MAISON at Yale Hosts Yale’s first fashion show in five years
The University’s newest arts and fashion collective saw over 200 attendees at their show, which celebrated the “beauty of imperfection.”
Courtesy of MAISON
Over 200 Yale students dressed in “chaotic cocktail attire” gathered at the Tsai Center for Innovative Thinking last Saturday to watch Yale’s first fashion show in five years.
The event, titled “Entropy,” was hosted by MAISON at Yale, the University’s newest arts and fashion collective. MAISON arose from the “fallout” of the previous club Yale Fashion House, as previous YFH member Mona Chen ‘25 wished to continue promoting fashion at Yale. Chen now serves as MAISON’s co-president.
Michelle Zheng ‘25, the organization’s head of publicity, wrote to the News that she and Chen wanted to combat the typical stereotypes of fashion organizations as “exclusive and seemingly elitist.” The name Maison — which is French for “house” or “home” — was chosen to exemplify the welcoming and inclusive atmosphere Zheng and Chen wanted to curate.
“MAISON is both a house and home for all individuals interested in fashion, whether through daily stylistic expression, artistic design, or more,” Zheng said.
MAISON is “effectively the only student [organization] focused on fashion,” according to Chen. While Yale has a number of organizations dedicated to finance and consulting, STEM, leadership programs and other forms of creative expression such as a cappella and theater, “a fashion club stands out, belonging to a realm people generally don’t consider essential to the student experience,” Zheng added.
For the leaders of MAISON, fashion is more than what one wears on a day-to-day basis — it’s the foundation of personal identity and a driver of self-confidence, according to Chen.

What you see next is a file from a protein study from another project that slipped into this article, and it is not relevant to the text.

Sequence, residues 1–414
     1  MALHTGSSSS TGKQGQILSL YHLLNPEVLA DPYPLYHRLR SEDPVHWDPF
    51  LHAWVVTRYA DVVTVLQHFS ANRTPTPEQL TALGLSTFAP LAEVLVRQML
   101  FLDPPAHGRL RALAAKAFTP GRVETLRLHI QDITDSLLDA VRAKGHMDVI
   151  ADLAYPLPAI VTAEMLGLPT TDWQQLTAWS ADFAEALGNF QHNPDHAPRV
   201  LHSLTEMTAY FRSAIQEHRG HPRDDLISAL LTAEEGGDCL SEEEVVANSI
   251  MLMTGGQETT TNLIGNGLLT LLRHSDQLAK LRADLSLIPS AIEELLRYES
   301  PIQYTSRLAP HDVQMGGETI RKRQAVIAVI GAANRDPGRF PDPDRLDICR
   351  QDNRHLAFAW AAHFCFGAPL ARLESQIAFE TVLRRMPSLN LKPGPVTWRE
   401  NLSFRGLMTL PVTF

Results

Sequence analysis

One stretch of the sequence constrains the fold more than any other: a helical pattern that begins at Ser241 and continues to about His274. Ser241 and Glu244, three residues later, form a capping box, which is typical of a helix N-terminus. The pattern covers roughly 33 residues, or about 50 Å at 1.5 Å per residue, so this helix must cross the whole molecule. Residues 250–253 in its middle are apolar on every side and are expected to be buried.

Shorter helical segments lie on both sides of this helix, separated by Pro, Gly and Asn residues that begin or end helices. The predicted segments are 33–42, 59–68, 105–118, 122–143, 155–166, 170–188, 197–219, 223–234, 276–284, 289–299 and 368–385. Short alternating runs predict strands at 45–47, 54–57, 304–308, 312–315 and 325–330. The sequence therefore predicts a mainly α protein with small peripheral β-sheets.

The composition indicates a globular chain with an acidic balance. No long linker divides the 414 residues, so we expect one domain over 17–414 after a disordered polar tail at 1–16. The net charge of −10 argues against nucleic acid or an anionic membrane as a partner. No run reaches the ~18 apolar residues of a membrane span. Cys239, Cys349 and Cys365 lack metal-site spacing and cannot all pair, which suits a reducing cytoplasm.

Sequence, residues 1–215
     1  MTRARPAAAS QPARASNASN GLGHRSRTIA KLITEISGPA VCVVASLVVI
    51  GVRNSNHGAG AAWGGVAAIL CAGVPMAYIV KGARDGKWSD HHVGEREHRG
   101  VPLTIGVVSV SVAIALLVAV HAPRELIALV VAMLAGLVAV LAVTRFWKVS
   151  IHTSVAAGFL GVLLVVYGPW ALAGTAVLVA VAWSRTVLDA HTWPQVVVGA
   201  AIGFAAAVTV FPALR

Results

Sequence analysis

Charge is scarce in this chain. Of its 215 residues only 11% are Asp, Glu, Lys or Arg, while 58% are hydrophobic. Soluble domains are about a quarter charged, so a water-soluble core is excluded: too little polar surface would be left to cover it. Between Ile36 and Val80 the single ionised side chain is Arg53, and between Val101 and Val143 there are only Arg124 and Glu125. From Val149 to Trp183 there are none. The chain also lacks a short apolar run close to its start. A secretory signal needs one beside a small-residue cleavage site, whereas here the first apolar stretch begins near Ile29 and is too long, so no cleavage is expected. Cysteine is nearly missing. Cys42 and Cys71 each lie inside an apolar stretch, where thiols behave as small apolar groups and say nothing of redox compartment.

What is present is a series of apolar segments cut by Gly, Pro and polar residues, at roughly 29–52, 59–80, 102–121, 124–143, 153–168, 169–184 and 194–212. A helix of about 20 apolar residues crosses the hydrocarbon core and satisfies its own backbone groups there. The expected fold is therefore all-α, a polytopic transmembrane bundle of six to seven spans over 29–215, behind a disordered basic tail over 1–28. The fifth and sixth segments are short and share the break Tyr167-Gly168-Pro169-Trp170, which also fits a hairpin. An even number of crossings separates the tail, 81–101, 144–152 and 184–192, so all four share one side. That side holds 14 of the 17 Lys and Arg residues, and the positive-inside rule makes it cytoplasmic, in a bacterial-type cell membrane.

“Garments have such a special transformative power and exuberate beauty on a deeper level that’s beyond just being pretty,” Chen said.
Saturday’s fashion show was the first major event that MAISON has hosted. The two-hour show featured 38 models and 15 designers, including Parsons and RISD students and local New Haven designers such as Neville Wisdom and MiniPNG. The models were all Yale students.
MAISON wanted Entropy to be an “explosion of creativity”, featuring “drastically different styles,” Chen noted.
“Audience got to see heels but also frat shoes, jeans but also formal dresses, clothes that are ready-to-wear, but also clothes that didn’t even look like clothes at first sight,” Chen said.
Just as the name Entropy suggests, Chen said that she and the MAISON team wanted to curate disorder, randomness and uncertainty, as well as showcase the “beauty of imperfection.”
Kai Chen’s ‘26 garments feature almost entirely secondhand or vintage materials, such as old torn quilts and lace tablecloths, that they’ve collected from places like eBay, Etsy and local thrift stores.
Chen said they aim for their jewelry and garments — which are hand-sewn — to be “dreamy and otherworldly” while possessing a certain softness.
“As someone who identifies as genderqueer and grew up sort of avoiding any expressions of femininity/softness, participating and designing these sorts of crafts…has been really liberating and expressive,” they wrote to the News.
Chen said they draw inspiration from, amongst other places, late-20th century feminist craft movements.
Lydia Lee ‘23, another designer for Entropy, said she asked herself what would happen “if three mermaids accidentally walked onto a runway” while designing her crocheted garments — mostly made from recycled yarn — for Saturday’s show.
Lee learned to crochet at age seven, and said she mastered her craft by crocheting outfits for her dolls. At the beginning of this year, Lydia had “design looks for a runway” on her New Year’s bucket list.
“When I heard of the opportunity to design for MAISON’s runway, I was ecstatic,” Lee wrote to the News.
As for what’s next for MAISON, Mona Chen said she hopes to bring notable speakers from the fashion industry to Yale, showing students that “there are more career possibilities than the ones we are usually exposed to.”
MAISON also hopes to further incorporate sustainable fashion into their organization, according to club leaders, as well as reach outside of Yale to nonprofits. Other possible future programs include modeling or clothing design workshops and closet sales. MAISON also plans on continuing the annual Yale Fashion Show for years to come.
“We’re definitely looking for new members to carry this tradition down the line,” Zheng said.
The Tsai Center for Innovative Thinking at Yale is located at 17 Prospect St.